Remove $B_{1}$ at previous line position $11$, cost $11$, total $49$, giving
$B_{13}$ $B_{11}$ $B_{14}$ $B_{17}$ $B_{9}$ $B_{10}$ $B_{7}$ $B_{22}$ $B_{13}$ $B_{6}$ $B_{9}$ $B_{4}$ $B_{18}$

Reduce each bead in previous line by $3$, cost $6$, total $55$, giving
$B_{10}$ $B_{8}$ $B_{11}$ $B_{14}$ $B_{6}$ $B_{7}$ $B_{4}$ $B_{19}$ $B_{10}$ $B_{3}$ $B_{6}$ $B_{1}$ $B_{15}$

Remove $B_{1}$ at previous line position $2$, cost $2$, total $57$, giving
$B_{10}$ $B_{8}$ $B_{11}$ $B_{14}$ $B_{6}$ $B_{7}$ $B_{4}$ $B_{19}$ $B_{10}$ $B_{3}$ $B_{6}$ $B_{15}$

Reduce each bead in previous line by $2$, cost $4$, total $61$, giving
$B_{8}$ $B_{6}$ $B_{9}$ $B_{12}$ $B_{4}$ $B_{5}$ $B_{2}$ $B_{17}$ $B_{8}$ $B_{1}$ $B_{4}$ $B_{13}$

Remove $B_{1}$ at previous line position $3$, cost $3$, total $64$, giving
$B_{8}$ $B_{6}$ $B_{9}$ $B_{12}$ $B_{4}$ $B_{5}$ $B_{2}$ $B_{17}$ $B_{8}$ $B_{4}$ $B_{13}$

Reduce each bead in previous line by $1$, cost $2$, total $66$, giving
$B_{7}$ $B_{5}$ $B_{8}$ $B_{11}$ $B_{3}$ $B_{4}$ $B_{1}$ $B_{16}$ $B_{7}$ $B_{3}$ $B_{12}$

Remove $B_{1}$ at previous line position $5$, cost $5$, total $71$, giving
$B_{7}$ $B_{5}$ $B_{8}$ $B_{11}$ $B_{3}$ $B_{4}$ $B_{16}$ $B_{7}$ $B_{3}$ $B_{12}$

Reduce each bead in previous line by $2$, cost $4$, total $75$, giving
$B_{5}$ $B_{3}$ $B_{6}$ $B_{9}$ $B_{1}$ $B_{2}$ $B_{14}$ $B_{5}$ $B_{1}$ $B_{10}$

Remove $B_{1}$ at previous line position $2$, cost $2$, total $77$, giving
$B_{5}$ $B_{3}$ $B_{6}$ $B_{9}$ $B_{1}$ $B_{2}$ $B_{14}$ $B_{5}$ $B_{10}$

Remove $B_{1}$ at previous line position $5$, cost $5$, total $82$, giving
$B_{5}$ $B_{3}$ $B_{6}$ $B_{9}$ $B_{2}$ $B_{14}$ $B_{5}$ $B_{10}$

Reduce each bead in previous line by $1$, cost $2$, total $84$, giving
$B_{4}$ $B_{2}$ $B_{5}$ $B_{8}$ $B_{1}$ $B_{13}$ $B_{4}$ $B_{9}$

Remove $B_{1}$ at previous line position $4$, cost $4$, total $88$, giving
$B_{4}$ $B_{2}$ $B_{5}$ $B_{8}$ $B_{13}$ $B_{4}$ $B_{9}$

Reduce each bead in previous line by $1$, cost $2$, total $90$, giving
$B_{3}$ $B_{1}$ $B_{4}$ $B_{7}$ $B_{12}$ $B_{3}$ $B_{8}$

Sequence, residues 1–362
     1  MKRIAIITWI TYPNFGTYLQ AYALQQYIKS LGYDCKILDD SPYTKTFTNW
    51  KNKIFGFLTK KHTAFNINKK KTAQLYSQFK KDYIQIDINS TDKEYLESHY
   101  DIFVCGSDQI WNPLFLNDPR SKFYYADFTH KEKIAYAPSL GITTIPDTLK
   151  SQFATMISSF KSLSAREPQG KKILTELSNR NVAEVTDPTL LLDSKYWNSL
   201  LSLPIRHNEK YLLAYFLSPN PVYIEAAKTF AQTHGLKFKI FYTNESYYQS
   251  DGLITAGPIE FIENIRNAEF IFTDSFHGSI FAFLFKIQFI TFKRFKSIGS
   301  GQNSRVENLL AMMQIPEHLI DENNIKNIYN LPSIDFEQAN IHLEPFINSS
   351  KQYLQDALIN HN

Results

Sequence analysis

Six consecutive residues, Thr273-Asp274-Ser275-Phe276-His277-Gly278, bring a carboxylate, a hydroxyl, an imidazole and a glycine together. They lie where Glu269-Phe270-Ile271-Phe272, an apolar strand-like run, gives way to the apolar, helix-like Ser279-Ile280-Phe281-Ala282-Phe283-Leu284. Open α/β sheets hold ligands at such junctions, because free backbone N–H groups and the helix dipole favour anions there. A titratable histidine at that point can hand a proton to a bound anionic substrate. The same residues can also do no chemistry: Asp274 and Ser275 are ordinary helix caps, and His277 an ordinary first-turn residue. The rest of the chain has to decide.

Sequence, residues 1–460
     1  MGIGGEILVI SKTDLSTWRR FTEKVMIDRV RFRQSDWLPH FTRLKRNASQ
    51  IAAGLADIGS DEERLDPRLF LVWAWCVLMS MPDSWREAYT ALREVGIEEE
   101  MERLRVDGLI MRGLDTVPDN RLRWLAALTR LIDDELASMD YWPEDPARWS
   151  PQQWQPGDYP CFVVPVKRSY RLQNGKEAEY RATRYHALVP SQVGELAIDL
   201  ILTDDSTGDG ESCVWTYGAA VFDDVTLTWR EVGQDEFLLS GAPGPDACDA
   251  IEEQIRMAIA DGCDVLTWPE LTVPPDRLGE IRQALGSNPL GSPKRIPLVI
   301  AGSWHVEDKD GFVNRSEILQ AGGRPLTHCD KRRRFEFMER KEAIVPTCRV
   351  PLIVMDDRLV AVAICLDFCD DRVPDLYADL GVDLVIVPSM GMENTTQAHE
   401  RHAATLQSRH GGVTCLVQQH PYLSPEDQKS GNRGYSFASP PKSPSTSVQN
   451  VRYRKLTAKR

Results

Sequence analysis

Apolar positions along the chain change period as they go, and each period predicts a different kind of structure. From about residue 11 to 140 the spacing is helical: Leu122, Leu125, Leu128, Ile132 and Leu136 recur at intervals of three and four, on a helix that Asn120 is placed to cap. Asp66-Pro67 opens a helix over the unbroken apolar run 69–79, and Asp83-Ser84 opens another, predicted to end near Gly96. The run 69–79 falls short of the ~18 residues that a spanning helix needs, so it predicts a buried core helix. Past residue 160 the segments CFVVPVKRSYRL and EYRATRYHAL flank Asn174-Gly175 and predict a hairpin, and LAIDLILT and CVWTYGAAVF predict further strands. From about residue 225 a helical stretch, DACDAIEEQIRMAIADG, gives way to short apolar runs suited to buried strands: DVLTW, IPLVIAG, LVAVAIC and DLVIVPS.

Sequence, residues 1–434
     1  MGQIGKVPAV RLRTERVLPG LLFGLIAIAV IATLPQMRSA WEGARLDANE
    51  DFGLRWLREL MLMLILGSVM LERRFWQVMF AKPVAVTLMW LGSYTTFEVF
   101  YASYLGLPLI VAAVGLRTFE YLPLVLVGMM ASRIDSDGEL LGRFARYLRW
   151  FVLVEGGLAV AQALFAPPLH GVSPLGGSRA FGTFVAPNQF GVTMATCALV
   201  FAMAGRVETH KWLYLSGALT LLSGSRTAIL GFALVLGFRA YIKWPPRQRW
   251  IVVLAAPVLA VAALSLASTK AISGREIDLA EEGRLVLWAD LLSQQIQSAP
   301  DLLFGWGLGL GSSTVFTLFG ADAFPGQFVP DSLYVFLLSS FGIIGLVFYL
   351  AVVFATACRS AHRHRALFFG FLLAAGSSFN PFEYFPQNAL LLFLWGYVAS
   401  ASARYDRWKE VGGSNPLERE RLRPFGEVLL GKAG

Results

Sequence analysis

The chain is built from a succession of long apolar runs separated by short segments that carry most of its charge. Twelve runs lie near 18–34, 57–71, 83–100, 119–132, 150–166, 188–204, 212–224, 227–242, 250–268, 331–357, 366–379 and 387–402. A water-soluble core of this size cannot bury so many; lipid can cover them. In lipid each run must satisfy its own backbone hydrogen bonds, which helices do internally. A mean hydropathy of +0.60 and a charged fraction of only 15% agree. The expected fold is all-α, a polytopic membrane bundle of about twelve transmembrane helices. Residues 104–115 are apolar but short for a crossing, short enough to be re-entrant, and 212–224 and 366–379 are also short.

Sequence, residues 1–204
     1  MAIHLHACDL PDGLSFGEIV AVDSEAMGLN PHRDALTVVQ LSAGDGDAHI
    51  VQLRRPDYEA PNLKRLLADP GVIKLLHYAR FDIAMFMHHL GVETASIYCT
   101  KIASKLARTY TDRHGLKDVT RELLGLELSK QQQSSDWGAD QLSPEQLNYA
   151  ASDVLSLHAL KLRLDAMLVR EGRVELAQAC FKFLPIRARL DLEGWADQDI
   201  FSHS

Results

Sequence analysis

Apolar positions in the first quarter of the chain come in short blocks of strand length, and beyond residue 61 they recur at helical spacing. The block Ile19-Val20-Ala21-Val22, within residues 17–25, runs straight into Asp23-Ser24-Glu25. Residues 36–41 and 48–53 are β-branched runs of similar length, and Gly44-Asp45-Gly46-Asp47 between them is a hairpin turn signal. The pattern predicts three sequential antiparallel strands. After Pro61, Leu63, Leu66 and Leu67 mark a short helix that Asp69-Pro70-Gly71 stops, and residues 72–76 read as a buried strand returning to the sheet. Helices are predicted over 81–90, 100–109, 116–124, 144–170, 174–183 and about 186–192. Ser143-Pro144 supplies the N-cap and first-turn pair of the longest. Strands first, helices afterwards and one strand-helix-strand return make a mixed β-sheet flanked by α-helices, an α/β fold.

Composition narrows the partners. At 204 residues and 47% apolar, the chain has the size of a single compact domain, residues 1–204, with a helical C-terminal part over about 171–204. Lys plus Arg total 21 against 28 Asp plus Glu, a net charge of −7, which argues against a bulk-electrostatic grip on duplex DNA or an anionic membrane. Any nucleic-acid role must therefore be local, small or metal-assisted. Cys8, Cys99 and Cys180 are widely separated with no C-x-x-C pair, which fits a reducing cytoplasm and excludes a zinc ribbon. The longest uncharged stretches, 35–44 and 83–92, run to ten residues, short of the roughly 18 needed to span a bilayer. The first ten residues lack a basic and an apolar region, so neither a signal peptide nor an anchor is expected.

Remove $B_{1}$ at previous line position $6$, cost $6$, total $96$, giving
$B_{3}$ $B_{4}$ $B_{7}$ $B_{12}$ $B_{3}$ $B_{8}$

Reduce each bead in previous line by $2$, cost $4$, total $100$, giving
$B_{1}$ $B_{2}$ $B_{5}$ $B_{10}$ $B_{1}$ $B_{6}$

Remove $B_{1}$ at previous line position $2$, cost $2$, total $102$, giving
$B_{1}$ $B_{2}$ $B_{5}$ $B_{10}$ $B_{6}$

Remove $B_{1}$ at previous line position $5$, cost $5$, total $107$, giving
$B_{2}$ $B_{5}$ $B_{10}$ $B_{6}$

Reduce each bead in previous line by $1$, cost $2$, total $109$, giving
$B_{1}$ $B_{4}$ $B_{9}$ $B_{5}$

Remove $B_{1}$ at previous line position $4$, cost $4$, total $113$, giving
$B_{4}$ $B_{9}$ $B_{5}$

Reduce each bead in previous line by $3$, cost $6$, total $119$, giving
$B_{1}$ $B_{6}$ $B_{2}$

Finally remove the last $3$ beads, cost $2 + 6 + 1 = 9$, total $128$

| improve this answer | |
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  • 1
    $\begingroup$ Yes, I saw what you mean. Just move 1 to the end and then remove it. $\endgroup$ – Sam May 21 at 17:59
  • $\begingroup$ Yes that's what my point 3 means. $\endgroup$ – Weather Vane May 21 at 18:05
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No need for computers, hand solving will do (though I did use code in the end to avoid making any calculation mess).

It is trivial to see that you should start from the end. Then preferentially remove ones and decrement when you are out of them and have more than 3 beads left.

However, it is also easy to see that whenever you have 1,2 it makes no sense to swap, as it doesn't make sense to swap 1,1,3, or 1,1,1,4 - simply popping the last bead first would cost as much as the swapping (decrement cost is ignored under assumption there are many higher beads still present).

Thus, the observation leading to the optimal solution is pretty trivial: